Privilege isn’t inherently evil—we all experience it to some degree.
These intersectional identities are part of the reason why a rally for George Floyd (a Black man), is larger than a rally for Breonna Taylor (a Black woman), which is going to be bigger than a rally for Dominique “Rem’mie” Fells and Riah Milton (Black transgender women). That unique intersection is why many people might not even recognize the last two names I listed.
Privilege isn’t inherently evil—we all experience it to some degree. But it is a hell of a drug and it can blind us to the oppression others in our own communities are facing—including oppression we might be helping to perpetuate. So the irony was not lost on me when a cis-gender, heterosexual, Black man entered my space, asked for my opinion, and was not pleased when I began to describe “cis-gender, heteronormative, male privileges” as the one of the reasons as to why he was not feeling Billy Porter’s message.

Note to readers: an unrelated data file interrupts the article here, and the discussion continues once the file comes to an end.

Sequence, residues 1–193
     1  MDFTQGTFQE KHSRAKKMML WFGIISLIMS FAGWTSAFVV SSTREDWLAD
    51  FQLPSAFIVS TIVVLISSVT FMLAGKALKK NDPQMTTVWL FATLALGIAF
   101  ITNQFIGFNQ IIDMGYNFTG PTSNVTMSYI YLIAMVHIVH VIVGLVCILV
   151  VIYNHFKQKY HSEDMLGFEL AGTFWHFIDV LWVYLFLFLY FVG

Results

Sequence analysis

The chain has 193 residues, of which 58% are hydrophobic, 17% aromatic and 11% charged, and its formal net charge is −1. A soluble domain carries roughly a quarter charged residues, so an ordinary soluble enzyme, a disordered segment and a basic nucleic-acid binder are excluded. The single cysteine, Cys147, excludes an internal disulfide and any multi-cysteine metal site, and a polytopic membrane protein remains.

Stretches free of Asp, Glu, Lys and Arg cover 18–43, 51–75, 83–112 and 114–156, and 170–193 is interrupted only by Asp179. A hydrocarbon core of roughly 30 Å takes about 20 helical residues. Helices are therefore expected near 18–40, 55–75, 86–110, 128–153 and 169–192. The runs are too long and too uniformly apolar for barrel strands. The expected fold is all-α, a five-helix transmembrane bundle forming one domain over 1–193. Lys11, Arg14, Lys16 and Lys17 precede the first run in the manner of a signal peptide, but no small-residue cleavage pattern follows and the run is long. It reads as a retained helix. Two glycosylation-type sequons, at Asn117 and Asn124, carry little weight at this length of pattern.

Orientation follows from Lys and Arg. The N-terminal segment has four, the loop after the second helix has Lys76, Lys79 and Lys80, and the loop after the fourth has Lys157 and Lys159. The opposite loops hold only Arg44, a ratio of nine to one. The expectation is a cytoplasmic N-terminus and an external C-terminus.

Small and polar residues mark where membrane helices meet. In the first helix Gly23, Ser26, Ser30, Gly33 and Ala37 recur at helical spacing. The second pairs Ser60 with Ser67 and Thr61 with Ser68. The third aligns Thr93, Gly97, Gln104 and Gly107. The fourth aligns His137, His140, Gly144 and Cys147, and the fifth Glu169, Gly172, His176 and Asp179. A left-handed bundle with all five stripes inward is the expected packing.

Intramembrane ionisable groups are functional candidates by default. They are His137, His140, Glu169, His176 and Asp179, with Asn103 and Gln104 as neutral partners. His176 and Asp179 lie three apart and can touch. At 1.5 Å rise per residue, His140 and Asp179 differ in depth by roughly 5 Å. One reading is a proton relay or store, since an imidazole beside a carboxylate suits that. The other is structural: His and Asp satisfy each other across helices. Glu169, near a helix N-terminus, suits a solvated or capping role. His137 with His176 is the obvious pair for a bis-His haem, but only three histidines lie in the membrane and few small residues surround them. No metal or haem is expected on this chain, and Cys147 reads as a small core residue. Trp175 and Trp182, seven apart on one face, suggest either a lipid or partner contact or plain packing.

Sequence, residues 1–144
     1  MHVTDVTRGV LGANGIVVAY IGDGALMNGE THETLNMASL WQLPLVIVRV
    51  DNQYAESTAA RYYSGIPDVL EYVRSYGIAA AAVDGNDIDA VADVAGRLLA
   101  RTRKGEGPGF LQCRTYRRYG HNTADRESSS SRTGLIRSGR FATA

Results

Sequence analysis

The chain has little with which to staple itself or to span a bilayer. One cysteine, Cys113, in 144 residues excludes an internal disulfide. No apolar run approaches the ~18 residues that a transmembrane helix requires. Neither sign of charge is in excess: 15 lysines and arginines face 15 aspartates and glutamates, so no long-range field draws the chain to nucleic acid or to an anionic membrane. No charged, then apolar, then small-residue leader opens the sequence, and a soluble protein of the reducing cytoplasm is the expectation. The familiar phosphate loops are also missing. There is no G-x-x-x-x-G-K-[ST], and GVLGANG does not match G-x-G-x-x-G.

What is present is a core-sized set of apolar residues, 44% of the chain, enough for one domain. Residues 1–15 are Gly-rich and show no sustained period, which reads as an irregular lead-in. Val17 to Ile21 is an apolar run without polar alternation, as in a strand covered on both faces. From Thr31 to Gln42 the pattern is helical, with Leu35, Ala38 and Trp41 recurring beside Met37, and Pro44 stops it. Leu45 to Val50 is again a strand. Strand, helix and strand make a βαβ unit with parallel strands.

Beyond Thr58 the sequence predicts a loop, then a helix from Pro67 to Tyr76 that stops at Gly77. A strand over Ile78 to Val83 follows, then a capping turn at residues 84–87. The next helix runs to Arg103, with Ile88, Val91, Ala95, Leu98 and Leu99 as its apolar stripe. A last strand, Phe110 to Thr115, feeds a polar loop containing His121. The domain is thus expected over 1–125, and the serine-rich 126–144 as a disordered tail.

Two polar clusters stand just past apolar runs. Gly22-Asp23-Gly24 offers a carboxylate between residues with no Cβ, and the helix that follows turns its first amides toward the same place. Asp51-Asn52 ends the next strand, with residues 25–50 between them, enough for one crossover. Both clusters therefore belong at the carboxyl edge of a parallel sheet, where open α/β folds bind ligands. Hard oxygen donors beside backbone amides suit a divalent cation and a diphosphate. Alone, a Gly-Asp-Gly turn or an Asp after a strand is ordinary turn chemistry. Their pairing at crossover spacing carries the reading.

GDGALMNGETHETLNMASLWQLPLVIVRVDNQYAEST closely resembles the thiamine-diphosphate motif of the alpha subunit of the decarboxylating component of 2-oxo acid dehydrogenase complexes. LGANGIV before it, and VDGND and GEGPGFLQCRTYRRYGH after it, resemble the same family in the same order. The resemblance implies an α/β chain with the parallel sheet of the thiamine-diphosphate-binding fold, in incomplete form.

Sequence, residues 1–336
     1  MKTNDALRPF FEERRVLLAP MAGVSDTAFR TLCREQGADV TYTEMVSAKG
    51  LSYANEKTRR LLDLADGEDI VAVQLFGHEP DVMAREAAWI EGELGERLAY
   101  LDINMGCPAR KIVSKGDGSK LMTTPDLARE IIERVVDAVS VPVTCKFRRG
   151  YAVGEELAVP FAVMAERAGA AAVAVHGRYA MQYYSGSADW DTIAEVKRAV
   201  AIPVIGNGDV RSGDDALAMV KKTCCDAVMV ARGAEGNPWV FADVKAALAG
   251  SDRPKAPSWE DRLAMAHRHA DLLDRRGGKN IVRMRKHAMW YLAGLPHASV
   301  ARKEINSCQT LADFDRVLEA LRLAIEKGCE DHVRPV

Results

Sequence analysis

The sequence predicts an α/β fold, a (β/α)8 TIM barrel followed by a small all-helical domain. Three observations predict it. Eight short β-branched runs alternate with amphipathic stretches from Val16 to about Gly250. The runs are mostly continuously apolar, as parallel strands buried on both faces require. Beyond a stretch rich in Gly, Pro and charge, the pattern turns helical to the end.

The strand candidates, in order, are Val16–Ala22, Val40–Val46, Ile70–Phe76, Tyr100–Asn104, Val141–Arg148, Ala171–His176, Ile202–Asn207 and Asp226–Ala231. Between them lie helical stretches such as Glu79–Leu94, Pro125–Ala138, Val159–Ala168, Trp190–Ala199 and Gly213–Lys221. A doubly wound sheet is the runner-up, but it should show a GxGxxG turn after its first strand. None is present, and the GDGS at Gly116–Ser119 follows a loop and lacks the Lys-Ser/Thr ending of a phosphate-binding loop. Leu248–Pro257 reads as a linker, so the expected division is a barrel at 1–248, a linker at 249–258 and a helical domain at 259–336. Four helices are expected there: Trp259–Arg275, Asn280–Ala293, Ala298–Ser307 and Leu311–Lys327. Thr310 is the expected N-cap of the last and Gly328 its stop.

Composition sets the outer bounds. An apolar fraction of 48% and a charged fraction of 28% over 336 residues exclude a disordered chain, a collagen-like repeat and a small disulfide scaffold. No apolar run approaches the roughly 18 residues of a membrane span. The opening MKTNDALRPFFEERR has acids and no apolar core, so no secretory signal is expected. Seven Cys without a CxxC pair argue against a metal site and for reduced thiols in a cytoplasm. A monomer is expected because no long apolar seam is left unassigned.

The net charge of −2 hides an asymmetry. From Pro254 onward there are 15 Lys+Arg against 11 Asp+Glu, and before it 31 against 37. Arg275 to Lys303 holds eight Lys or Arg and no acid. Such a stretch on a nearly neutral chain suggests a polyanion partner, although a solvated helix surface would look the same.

“A lot of Black LGBT people choose to blame the straight community for experiences that all Black people face,” he wrote. I saw where this was going: My New Year’s Eve crush had revealed himself to be a person who had already established his perspective and was not looking to change it.
Here’s the thing. I could have kept conversing with him. I could have told him to follow activist, therapist, and writer Araya Baker (@IHateGender) on Instagram to reflect more on oppression for those who exist at the intersection of their Black and LGBTQ+ identities. I could have sent him articles about transpeople who lost their lives because of targeted violence fueled by racism, transphobia, and police violence. I could have recommended Crenshaw’s TEDTalk on The Urgency of Intersectionality. As a queer, Black, disabled woman I could have even shared my personal stories about the very complicated ways in which privilege and oppression interact in my life. For example, I experience oppression as a queer woman, but I experience privilege as a cis-gendered person. I want to feel affirmed and cared for by society regarding my queerness and womanhood and I also have a responsibility to leverage my cis-gender privilege to make sure the trans community is heard.